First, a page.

German photographer Thomas Friedrich Schaefer has created Experiential Spaces, a series of photos that are inspired by fragments of his childhood memories of growing up. At the same time, he wants to stimulate the viewers to bring out their own childhood memories too.
“I tried to reimagine my first memories to investigate my past,” Schaefer tells PetaPixel. “And also, try to be as historically accurate as I can be, which isn’t possible. For example, chocolate ice cream will never taste the same like the one you had when you were five years old. Nor will you remember the original taste because newer taste (memories of it) will overlay or overwrite the old ones.”
In Experiential Spaces #1(above), the first in the series, Schaefer remembers himself as a kid angrily doing his homework while his father watched soccer on TV in the adjoining room. “Now, and during the process of building the installation, I see myself as a dad and think of it differently wanting the best for my child,” says Schaefer.
Schaefer builds elaborate room sets meticulously in his studio in Mainz (near Frankfurt), Germany, which takes over 200 to 400 hours for each. The rooms are then furnished and decorated in great detail. Friends and neighbors pose as the models for a photo shoot, which may last an hour to a whole day. Once the image is captured, the set is torn down with all the props being discarded, and the sketch of the next photo set starts to be created.
“The family home is often defined by the things we associate with it,” says Schaefer in his artist’s statement. “These entities exist as both objects in their own right and reference points upon which we frame our memories. Recalling these places and the things evoke the experience of nostalgia.”
Schaefer started studying architecture at the Berliner Technische Kunsthochschule (University of Applied Sciences, Berlin) but changed to fine art in which he graduated. “I moved from architecture to photography, hoping (perhaps knowing…) it would prove to be a language I could use to express myself,” reasons Schaefer.
This original architectural study has come in handy for the set building most of which he does himself. “The thing that interested me during the architectural studies were rooms and how feelings can develop in them,” says Schaefer who is inspired by Gregory Crewdson, Alex Prager and Cindy Sherman.
Schaefer, who has won many awards not only in Germany but also in Russia, started the Experiential Spaces project while in college in 2014. “You had to do a photography series and conceptual writing of 30 pages to get the BA,” remembers Schaefer. He did a series of three pieces and graduated in 2015. Later as more memories started filling his mind, he added another six to complete the series in 2016.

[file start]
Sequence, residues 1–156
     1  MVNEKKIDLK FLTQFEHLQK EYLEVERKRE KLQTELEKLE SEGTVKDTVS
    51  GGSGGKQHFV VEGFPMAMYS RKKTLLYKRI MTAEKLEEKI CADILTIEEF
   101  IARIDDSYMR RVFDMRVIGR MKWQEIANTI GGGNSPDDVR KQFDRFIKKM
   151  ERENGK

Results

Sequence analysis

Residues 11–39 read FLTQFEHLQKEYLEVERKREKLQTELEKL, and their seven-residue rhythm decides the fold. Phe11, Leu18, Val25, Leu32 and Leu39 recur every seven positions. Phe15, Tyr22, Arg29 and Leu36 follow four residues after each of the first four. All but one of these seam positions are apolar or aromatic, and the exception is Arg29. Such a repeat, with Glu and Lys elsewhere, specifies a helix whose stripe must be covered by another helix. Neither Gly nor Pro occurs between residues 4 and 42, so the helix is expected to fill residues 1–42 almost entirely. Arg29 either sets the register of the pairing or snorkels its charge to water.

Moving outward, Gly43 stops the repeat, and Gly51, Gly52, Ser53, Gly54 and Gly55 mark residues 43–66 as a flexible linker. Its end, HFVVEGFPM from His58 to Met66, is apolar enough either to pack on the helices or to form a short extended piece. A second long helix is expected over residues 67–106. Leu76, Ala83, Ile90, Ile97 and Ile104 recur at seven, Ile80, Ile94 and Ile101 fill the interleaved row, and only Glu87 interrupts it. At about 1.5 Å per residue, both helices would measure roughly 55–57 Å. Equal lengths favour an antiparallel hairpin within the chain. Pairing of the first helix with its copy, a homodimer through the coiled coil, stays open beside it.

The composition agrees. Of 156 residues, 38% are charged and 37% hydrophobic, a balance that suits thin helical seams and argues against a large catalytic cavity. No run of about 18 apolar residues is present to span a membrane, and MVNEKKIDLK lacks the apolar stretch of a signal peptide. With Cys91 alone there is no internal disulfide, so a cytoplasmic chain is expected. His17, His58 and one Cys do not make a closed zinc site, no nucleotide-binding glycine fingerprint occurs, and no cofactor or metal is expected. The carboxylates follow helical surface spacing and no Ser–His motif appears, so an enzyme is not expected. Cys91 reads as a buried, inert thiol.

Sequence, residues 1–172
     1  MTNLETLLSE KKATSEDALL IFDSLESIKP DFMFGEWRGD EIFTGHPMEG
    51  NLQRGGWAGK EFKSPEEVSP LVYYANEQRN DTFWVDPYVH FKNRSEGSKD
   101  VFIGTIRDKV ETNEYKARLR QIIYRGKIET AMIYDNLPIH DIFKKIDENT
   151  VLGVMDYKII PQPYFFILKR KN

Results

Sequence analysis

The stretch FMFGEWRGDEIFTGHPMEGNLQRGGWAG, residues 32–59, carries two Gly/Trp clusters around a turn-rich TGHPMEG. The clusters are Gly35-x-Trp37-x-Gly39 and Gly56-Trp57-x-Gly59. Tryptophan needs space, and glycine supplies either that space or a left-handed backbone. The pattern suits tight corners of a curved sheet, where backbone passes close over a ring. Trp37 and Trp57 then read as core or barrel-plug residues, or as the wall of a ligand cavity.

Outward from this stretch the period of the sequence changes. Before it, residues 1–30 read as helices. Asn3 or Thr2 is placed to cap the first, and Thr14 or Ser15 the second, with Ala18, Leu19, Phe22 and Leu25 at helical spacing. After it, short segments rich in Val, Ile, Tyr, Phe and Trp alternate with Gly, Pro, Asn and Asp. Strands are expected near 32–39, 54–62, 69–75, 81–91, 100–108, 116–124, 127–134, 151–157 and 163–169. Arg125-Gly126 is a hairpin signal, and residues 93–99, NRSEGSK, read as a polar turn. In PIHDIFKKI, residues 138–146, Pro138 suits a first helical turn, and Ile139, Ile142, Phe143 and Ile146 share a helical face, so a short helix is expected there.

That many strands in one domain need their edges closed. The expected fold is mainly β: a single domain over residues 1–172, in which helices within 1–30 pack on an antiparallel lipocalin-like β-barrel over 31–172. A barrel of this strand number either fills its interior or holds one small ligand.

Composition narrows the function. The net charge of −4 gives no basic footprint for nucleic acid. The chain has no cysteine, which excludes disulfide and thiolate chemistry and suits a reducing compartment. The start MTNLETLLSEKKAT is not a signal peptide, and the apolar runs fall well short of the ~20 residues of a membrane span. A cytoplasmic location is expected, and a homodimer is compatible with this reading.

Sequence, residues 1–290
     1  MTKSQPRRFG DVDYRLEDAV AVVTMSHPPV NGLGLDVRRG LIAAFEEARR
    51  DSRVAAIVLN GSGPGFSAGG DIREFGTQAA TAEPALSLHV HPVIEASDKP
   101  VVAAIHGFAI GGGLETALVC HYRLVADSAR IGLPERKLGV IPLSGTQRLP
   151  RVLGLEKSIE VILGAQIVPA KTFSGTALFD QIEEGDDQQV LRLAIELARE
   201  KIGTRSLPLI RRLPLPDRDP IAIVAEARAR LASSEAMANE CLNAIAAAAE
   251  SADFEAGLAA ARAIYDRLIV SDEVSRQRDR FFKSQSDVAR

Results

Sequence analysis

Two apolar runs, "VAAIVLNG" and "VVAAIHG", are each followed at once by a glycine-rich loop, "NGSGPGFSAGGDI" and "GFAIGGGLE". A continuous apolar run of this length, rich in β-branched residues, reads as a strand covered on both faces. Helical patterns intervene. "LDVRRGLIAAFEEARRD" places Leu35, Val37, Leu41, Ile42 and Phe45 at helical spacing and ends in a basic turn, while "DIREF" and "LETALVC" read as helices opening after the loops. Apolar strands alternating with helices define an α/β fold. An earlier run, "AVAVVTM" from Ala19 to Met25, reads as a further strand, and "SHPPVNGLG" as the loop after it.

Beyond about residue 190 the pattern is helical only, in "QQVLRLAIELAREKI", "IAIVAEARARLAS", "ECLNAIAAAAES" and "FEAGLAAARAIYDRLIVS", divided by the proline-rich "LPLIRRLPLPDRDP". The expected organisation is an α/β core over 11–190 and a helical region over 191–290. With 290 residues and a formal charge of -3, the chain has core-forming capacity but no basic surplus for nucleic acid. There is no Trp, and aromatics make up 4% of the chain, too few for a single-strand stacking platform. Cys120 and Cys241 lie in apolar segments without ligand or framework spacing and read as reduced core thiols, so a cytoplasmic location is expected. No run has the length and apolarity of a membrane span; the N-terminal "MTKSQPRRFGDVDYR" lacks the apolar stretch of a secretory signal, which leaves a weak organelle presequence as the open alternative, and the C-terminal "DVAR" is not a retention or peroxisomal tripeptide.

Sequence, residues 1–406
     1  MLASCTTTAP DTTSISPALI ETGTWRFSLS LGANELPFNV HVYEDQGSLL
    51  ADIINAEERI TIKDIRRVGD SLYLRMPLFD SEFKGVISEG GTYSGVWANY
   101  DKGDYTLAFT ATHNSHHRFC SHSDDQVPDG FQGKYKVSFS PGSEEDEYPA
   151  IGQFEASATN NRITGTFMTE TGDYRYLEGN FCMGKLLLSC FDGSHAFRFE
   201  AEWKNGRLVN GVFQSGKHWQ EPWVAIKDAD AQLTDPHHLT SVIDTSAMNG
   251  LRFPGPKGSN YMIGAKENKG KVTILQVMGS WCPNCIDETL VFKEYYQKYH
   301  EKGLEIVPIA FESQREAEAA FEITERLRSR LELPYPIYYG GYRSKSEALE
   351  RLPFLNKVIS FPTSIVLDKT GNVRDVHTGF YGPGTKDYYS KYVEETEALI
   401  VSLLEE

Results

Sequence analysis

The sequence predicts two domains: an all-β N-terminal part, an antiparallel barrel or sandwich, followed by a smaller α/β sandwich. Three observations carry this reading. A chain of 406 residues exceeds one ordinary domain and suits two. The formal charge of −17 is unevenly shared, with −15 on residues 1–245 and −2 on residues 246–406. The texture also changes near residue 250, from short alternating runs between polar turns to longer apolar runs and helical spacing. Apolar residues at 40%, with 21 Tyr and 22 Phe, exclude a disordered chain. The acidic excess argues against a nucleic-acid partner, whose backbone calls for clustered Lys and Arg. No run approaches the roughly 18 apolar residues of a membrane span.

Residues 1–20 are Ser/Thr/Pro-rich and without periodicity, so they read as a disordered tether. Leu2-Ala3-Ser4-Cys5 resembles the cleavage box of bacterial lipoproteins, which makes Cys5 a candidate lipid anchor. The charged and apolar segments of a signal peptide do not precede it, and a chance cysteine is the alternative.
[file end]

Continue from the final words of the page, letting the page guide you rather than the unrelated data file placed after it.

Schaefer, who grew up in Brazil as well as Germany, numbered the series 1-9 rather than give them descriptive names. “Otherwise, I would give the viewer too many details of what he can/could/should see,” he explains. And Schaefer wants to give the viewers freedom to come up with their own interpretations.
Right from the beginning, Schaefer decides which angle he is going to shoot from. “After I sketch the image, the camera will be on a tripod and not moved a single centimeter until the end,” Schaefer explains.
Just like the single angle of shooting, the lighting is also restricted to only one type with no changes at all. Schaefer shoots with Profoto studio flashes with a shutter speed of 1-1.5s to allow the light bulbs to register.
“Memories are, for me, like dreams. They got that glow,” says Schaefer. “I could just find and recreate that glow in night/dark situations.” And therefore all his images are at dusk or nighttime.
Although Schaefer has four lenses for his Phase One he shot the entire series with the Schneider Kreuznach 80mm prime (equiv. to 50mm on 35mm) as it gives him “a normal human eye-view.” The final results are printed as 90x120cm (36×48”) prints, which is Schaefer’s preferred method rather than online viewing.
Why does Schaefer go through this very costly and time-consuming process of creating these images?
“If I don’t create my images, no one will,” says Schaefer. “I have to get them out of my mind somehow. I will be the happiest little boy in the candy store if I can get just one person to reflect on his own life while viewing my work.”
About the author: Phil Mistry is a photographer and teacher based in Atlanta, GA. He started one of the first digital camera classes in New York City at International Center of Photography in the 90s. He was the director and teacher for Sony/Popular Photography magazine’s Digital Days Workshops. You can reach him via email here.
Image credits: All photographs © Thomas Friedrich Schaefer and used with permission.
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